Melbourne entrepreneurs to test Indian Market

Melbourne entrepreneurs to test Indian Market

Our Reporter

Whilst the rest of Australia looks to China for an expansion of trade opportunities, one group of businessmen is mounting a unique business delegation to India

With Australia’s major trade partners grappling with slowing economies, Australian businesses need to urgently wake up to the Indian opportunity.

It is for this reason that an intrepid group of Australian entrepreneurs is embarking on a trip to India in October 2015 to assess if and how they can sell their products and services there. The delegation is organized by The Indus Entrepreneurs or TiE (www.melbourne.tie.org), one of the largest networks of entrepreneurs in the world dedicated to fostering entrepreneurship. TiE is grounded in the ethos of unselfishly giving back. It has a large voluntary corps of successful entrepreneurs who mentor aspiring or start-up entrepreneurs.

“TiE s a global network with a particularly strong base in India and the silicon Valley. And so we thought it would be powerful to combine this strength with the mentoring ethos, and look at helping Australian businesses make good connections in India and then provide ongoing mentoring to help them establish a presence there,” says Rod Smith, President of  TiE Melbourne.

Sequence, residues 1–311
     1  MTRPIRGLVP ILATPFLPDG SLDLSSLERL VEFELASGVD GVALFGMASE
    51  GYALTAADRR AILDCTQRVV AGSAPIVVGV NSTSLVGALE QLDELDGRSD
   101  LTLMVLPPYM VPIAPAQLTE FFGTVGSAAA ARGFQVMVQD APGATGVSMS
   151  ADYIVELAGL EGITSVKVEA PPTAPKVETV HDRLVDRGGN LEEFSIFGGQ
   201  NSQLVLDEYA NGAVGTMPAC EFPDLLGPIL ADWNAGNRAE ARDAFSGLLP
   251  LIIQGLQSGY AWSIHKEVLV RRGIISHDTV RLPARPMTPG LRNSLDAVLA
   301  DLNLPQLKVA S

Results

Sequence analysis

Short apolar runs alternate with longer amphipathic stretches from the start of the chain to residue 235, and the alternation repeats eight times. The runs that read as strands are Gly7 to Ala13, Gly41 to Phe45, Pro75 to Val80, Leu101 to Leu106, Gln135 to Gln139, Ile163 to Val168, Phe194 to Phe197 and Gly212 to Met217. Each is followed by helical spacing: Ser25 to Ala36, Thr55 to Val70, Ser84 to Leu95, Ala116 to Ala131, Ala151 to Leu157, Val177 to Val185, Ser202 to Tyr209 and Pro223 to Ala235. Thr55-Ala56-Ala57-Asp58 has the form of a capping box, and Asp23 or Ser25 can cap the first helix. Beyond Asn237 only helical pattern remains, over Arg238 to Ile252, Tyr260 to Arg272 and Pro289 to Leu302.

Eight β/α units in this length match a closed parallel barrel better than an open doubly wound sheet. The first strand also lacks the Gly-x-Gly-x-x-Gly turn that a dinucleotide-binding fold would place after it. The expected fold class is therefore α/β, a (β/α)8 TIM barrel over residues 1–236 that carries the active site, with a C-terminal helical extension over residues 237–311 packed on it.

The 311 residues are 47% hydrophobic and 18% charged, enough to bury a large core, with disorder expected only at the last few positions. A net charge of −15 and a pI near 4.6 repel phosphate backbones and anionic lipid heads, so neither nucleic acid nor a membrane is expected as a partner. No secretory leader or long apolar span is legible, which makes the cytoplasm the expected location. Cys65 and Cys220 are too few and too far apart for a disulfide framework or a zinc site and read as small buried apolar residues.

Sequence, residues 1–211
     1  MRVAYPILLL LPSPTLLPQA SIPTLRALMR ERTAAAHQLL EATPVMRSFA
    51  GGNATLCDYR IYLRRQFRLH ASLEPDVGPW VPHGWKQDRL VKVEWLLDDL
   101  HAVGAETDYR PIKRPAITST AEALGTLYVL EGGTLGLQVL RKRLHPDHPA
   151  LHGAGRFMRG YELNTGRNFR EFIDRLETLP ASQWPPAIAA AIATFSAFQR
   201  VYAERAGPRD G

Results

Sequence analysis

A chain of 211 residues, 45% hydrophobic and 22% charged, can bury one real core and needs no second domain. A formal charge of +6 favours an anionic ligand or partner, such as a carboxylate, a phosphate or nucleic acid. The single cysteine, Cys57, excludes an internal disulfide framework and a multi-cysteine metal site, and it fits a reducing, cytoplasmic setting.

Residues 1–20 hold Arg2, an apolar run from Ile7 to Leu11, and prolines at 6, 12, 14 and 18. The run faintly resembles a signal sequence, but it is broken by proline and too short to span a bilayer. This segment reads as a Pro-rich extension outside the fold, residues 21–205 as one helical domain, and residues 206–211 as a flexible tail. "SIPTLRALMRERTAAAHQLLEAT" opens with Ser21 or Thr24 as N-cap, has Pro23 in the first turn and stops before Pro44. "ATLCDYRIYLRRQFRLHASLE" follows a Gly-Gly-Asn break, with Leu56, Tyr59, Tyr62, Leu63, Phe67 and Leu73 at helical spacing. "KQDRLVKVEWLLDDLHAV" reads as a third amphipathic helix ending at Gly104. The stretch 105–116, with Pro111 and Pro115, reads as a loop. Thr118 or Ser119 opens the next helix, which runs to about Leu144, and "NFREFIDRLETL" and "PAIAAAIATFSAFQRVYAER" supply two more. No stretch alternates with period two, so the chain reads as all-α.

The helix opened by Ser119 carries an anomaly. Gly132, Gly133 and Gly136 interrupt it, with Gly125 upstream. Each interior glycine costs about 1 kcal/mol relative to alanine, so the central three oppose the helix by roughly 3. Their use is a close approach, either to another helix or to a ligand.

India is the seventh largest economy in the world (third by purchasing power parity), but growing rapidly at 8 % per annum, and set to become the third largest after China and USA by 2050.

“I was keen to expand my business into India given the growing numbers of skilled people entering the workforce there, who could really benefit from the sorts of services we provide. I sought out TiE

In Melbourne, and I am genuinely impressed by how much they helped me,” says Dale Simpson’s Bravo Consulting runs coaching, leadership development and career management programs. He set up operations in India in 2009 with help from TiE.

About 300 million Indians (60m Indian households) are already in the middle class, estimated to increase to over 500 million by 2025. But Indo‐Australian trade in 2014 was only $15.9b, one-tenth of the China-Australia trade. Australia is China’s seventh largest trading partner but does not make it into even the top 20 list of India’s trading partners. Recognising the ground-breaking nature of this visit, TiE’s Indian chapters have joined the party.

The Australian group has been invited to TiECon Delhi, one of the largest conferences of entrepreneurs in the world, with around 2,500 delegates attending.

And the TiE chapters in Mumbai and Bangalore are organizing special gatherings of their members for the group to meet.

“We invite any Australian entrepreneur, large or small, who has ever wondered about India, to come along and make full use of this rare opportunity,” says Smith.